We want to teach kids that no matter what their situation is, no matter how big and overwhelming their feelings are, they have the power to shift how they are seeing things, and this can turn any obstacle into a pathway for growth and change. 

The great news is that as a parent you have the power to change things for your child, and in doing so, instigate this much needed cultural transformation.  

Kids' brains are malleable and they are fast learners. If we start coaching them from a young age to have a different relationship with their feelings, the terrifying epidemic of “youth mental health issues” will become more clear, straightforward, and manageable.

Here is what you can do:

In the early years, focus on learning about emotional awareness so that you can pass this knowledge on in your interactions with your child. Kids are incredibly receptive to this kind of learning. All it takes is an adult explaining to them in simple terms: “When we feel sad, our thoughts become negative, and we want to do something like yell, pout, or hide, but if we stop and feel those feelings, we can choose to take care of them instead of reacting, and then we can learn something wonderful from our sadness, because it shows us what we care about.”

There are countless ways to teach this to kids – through games, art, and body awareness exercises. As a parent, if you are up-skilled in this area, you can easily and creatively pass this wisdom onto your children. 

However, adolescence is a different story. There comes an age where teenagers simply stop listening to adults. Part of healthy brain development is separation from parents, and the adolescent focus becomes trying to “fit in” with their peers. This leads them to believe that anything hard they are going through makes them “different” and opens them up to peer rejection.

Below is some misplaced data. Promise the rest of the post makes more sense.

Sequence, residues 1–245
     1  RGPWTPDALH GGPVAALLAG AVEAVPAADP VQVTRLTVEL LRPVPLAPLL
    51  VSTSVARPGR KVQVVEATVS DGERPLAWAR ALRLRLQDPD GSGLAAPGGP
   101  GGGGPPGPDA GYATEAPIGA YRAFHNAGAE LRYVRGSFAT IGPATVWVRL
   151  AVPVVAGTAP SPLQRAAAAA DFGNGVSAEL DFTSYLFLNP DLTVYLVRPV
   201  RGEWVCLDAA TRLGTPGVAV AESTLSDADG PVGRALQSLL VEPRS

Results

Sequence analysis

So with teenagers, we can’t go in through just “our advice” anymore. We also need to do more. We need to get into the channels where teens are receiving their information – social media/online, their friends, the ‘popular’ kids. We need to give them role models of people like them who are showing them a pathway through what they are feeling. 

They need to know that it is normal to have suicidal thoughts when they are feeling down, to feel terrified in an exam, or to feel lost and lonely when their parents separate or fight. And they will only hear this when it is coming from someone they want to listen to, in a medium that they respect (in most cases, film/social media/online). 

If we can focus on exposing teenagers to realistic peer role models who have been through mental health struggles and came out the other side, we can capitalize on the strongest motivator in adolescent social learning. Through this approach, teens will learn the skills they need to relate to their feelings in a healthy way, because the advice is coming from a source that they value – which, in adolescence, means everything.   

As a parent, if you take these approaches in childhood and adolescence, you will be creating an environment of emotional awareness, and providing a pathway for your child to reach out for help whenever they need it – which is the base that kids need to create a mentally healthy life for themselves that is truly sustainable in the long-term.

Dr. Hayley Watson is a clinical psychologist with a Ph.D. in bullying prevention.

References

 www.drhayleywatson.com 

www.openparachuteschools.com